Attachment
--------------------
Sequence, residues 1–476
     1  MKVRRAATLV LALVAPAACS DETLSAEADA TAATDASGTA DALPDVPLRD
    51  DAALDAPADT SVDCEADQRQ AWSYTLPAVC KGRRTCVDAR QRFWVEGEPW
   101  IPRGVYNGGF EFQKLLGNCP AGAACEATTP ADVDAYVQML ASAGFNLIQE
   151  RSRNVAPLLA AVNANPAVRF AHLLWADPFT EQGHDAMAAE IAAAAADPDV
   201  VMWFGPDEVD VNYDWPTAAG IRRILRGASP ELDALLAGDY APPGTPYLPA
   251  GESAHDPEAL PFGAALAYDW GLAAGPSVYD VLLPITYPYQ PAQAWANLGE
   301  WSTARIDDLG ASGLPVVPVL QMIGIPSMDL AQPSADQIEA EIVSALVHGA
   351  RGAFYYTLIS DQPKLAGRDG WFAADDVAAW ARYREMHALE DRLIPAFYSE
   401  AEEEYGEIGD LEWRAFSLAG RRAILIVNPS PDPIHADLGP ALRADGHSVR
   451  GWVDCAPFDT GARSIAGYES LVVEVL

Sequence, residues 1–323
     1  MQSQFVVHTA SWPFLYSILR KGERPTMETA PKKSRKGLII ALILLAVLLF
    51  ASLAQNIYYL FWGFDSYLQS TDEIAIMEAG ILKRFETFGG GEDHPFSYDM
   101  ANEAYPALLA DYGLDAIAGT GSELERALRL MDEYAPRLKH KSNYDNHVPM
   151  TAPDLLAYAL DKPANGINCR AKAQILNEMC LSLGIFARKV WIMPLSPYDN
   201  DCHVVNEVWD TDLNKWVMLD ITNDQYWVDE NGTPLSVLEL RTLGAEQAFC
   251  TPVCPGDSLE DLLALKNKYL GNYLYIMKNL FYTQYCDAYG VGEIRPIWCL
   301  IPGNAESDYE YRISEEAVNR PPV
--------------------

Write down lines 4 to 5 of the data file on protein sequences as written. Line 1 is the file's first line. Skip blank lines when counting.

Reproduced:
   101  IPRGVYNGGF EFQKLLGNCP AGAACEATTP ADVDAYVQML ASAGFNLIQE
   151  RSRNVAPLLA AVNANPAVRF AHLLWADPFT EQGHDAMAAE IAAAAADPDV